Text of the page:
On January 19, 2016, a family of four arrived in Atlanta with one suitcase and the clothes on their backs. Amanuddin, the father of the family, served as a translator for U.S. troops in Afghanistan. Following his service and the withdrawal of U.S. troops, it was no longer safe for Amanuddin or his family to stay there. They qualified for refugee status and were granted permission to move to the United States.
Imagine moving more than 7,000 miles and starting over in an unfamiliar place: no home, no extended family, no friends, no community; a new language, a new life, a new world. Now think about doing that with spouse and 4- and 5-year-olds who don’t speak the language or know the culture of your new home.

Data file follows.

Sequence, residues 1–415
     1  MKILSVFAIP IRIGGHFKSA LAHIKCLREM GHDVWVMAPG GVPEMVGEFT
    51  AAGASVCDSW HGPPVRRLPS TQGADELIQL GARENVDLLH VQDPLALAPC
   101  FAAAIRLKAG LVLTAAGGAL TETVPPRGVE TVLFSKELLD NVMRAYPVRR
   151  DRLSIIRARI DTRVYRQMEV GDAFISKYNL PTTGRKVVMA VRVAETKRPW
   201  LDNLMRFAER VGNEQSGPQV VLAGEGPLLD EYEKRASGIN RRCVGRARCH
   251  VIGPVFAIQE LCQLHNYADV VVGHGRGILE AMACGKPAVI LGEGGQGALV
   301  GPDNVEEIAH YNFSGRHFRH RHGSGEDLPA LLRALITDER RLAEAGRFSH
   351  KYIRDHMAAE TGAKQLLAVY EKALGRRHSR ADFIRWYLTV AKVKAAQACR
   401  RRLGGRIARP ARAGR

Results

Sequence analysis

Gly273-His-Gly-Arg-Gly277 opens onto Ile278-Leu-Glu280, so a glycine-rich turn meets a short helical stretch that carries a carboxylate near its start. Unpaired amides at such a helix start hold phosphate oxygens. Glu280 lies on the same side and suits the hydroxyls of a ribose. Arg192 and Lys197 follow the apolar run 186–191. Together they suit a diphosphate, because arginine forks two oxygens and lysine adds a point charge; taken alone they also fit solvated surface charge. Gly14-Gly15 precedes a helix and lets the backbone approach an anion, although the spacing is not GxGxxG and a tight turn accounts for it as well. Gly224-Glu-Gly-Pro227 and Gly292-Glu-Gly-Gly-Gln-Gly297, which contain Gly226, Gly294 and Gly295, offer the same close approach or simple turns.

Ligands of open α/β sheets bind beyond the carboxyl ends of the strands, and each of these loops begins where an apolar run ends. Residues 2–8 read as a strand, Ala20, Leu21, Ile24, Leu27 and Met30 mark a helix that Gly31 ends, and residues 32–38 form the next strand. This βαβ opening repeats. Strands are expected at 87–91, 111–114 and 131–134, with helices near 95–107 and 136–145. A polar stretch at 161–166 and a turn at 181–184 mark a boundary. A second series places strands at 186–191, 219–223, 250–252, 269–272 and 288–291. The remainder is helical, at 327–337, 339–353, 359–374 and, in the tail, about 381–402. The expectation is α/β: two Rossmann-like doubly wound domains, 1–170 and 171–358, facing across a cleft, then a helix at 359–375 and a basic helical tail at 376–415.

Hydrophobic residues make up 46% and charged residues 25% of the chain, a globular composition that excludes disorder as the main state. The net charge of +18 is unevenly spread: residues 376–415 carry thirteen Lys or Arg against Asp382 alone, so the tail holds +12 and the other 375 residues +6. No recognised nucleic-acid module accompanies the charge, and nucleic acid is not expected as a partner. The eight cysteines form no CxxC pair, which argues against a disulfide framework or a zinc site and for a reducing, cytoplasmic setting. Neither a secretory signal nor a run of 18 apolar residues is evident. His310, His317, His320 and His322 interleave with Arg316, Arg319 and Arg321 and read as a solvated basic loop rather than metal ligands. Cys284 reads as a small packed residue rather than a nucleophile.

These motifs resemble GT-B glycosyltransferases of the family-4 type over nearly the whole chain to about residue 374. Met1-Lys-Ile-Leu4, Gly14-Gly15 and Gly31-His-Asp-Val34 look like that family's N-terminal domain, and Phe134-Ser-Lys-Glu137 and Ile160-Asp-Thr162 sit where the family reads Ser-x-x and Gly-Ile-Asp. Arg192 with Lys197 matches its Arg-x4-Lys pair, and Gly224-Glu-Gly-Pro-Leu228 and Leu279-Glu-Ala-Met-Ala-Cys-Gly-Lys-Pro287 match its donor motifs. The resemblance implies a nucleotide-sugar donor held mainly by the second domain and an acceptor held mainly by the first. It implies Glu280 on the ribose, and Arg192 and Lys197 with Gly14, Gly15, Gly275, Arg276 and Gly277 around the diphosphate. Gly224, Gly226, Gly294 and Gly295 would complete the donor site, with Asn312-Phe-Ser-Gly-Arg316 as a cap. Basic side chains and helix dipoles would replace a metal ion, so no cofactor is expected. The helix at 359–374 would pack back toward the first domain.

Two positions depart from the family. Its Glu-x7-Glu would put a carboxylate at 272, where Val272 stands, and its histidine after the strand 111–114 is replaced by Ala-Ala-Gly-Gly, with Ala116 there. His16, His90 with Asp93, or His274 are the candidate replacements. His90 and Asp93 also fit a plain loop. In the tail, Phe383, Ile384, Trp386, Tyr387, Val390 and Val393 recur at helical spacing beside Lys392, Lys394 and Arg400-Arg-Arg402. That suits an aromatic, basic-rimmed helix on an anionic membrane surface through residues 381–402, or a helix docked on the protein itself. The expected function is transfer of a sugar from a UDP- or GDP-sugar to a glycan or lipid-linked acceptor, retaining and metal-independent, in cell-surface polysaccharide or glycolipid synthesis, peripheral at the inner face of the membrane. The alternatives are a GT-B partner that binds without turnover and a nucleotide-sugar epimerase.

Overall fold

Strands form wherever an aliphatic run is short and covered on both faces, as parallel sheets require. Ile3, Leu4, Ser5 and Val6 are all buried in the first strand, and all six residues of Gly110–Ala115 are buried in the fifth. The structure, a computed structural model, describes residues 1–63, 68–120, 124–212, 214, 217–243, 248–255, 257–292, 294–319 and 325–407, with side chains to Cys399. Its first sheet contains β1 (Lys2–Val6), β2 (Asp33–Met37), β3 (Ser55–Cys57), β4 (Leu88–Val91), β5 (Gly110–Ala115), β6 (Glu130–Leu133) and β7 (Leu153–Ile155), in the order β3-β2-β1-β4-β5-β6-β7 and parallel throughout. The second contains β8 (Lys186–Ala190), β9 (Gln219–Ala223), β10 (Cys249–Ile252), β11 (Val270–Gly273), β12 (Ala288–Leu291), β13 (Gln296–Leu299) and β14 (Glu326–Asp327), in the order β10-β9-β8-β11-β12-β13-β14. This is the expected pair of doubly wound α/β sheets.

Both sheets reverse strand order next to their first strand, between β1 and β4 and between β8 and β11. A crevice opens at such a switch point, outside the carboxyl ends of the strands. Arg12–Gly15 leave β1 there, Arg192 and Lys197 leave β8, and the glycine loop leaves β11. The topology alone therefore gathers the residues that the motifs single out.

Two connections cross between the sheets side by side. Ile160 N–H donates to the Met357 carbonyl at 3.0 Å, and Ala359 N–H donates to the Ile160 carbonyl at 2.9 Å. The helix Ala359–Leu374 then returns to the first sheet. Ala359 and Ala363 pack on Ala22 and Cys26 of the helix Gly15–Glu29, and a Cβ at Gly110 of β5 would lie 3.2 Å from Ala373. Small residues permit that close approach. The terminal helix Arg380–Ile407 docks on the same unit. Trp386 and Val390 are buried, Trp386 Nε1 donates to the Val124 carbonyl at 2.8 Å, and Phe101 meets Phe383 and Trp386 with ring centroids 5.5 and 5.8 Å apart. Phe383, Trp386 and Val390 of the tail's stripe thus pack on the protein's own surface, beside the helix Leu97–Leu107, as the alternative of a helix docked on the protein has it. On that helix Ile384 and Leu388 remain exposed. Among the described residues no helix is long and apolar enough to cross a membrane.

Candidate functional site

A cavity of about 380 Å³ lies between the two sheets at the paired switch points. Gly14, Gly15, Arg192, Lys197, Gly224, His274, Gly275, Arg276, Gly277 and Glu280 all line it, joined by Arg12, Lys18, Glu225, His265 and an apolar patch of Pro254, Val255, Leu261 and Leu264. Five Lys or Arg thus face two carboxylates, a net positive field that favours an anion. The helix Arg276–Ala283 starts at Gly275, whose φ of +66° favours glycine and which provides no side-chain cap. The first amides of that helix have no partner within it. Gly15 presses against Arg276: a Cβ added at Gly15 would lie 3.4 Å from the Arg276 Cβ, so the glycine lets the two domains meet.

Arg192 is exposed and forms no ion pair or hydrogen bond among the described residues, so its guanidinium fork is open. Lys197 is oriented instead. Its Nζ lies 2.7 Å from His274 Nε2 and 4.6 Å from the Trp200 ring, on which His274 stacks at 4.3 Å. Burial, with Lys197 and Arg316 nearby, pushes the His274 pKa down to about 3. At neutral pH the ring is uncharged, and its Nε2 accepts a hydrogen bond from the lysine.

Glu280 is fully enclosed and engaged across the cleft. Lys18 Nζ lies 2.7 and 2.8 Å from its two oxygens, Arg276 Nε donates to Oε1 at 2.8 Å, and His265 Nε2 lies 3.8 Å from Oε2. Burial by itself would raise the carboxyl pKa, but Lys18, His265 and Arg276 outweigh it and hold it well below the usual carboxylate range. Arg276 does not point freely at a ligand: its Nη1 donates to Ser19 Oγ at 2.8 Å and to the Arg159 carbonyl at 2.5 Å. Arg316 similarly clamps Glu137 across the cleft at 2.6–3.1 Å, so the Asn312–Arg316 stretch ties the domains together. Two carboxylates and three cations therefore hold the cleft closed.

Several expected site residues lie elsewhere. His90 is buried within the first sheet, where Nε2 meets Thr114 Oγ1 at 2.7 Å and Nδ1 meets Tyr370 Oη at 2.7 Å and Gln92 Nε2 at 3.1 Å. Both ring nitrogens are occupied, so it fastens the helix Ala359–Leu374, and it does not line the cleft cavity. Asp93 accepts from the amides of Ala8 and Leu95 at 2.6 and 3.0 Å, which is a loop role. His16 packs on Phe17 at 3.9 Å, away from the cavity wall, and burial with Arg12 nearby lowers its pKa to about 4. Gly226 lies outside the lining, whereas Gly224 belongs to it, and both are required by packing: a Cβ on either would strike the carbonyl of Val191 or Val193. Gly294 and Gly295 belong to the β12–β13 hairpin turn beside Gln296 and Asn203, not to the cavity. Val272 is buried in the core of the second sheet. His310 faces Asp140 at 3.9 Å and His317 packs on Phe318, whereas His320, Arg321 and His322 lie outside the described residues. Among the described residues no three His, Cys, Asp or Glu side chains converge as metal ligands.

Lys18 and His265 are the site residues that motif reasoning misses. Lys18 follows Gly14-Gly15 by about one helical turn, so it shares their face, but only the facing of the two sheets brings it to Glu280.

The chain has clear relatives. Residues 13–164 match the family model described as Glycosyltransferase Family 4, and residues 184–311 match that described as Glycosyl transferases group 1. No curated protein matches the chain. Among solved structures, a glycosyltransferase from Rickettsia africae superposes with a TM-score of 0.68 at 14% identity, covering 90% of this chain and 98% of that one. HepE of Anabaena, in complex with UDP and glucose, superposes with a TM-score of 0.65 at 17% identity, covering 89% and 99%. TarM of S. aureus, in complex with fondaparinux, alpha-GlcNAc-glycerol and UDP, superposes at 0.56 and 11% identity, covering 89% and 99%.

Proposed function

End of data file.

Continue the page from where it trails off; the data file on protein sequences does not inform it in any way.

There is a word in the Old Testament that captures the essence of that experience. The word occurs more than 90 times. In Hebrew, it is just two letters and some vowel marks: גּרֵ and is pronounced “ger.” It can be translated as alien, foreigner, immigrant, sojourner, stranger or refugee. Almost every time it is used, it is either God saying that this is a special population of people that God will take care of, or God is calling God’s followers to take care of this special population of people. God demands of God’s followers a generous hospitality towards the ger saying, “You shall love them as you love yourself” and insisting they be treated equally and with hospitality, compassion and justice. (See Genesis 15, Exodus 22 and 23, Leviticus 19 and 23, Numbers 15, Deuteronomy 10 and 24 and 27, Joshua 8, Job 31, Psalm 146, Isaiah 14, Jeremiah 7 and 22, Ezekiel 22, Zechariah 7, Malachi 3 and so many others!) This is just the Old Testament witness towards the ger. The New Testament has a number of Greek words that share a similar meaning and are often repeated, many times by Jesus himself, as he inspires his followers to care for “the least of these.” The call for hospitality towards the immigrant, refugee and stranger does not come simply from one or two verses cherry-picked out of the Bible; it really does represent the entire narrative arc of Scripture. God frequently shows hospitality and compassion to the alien, foreigner, immigrant, sojourner, stranger and refugee — and God repeatedly requires the same of God’s followers, of us.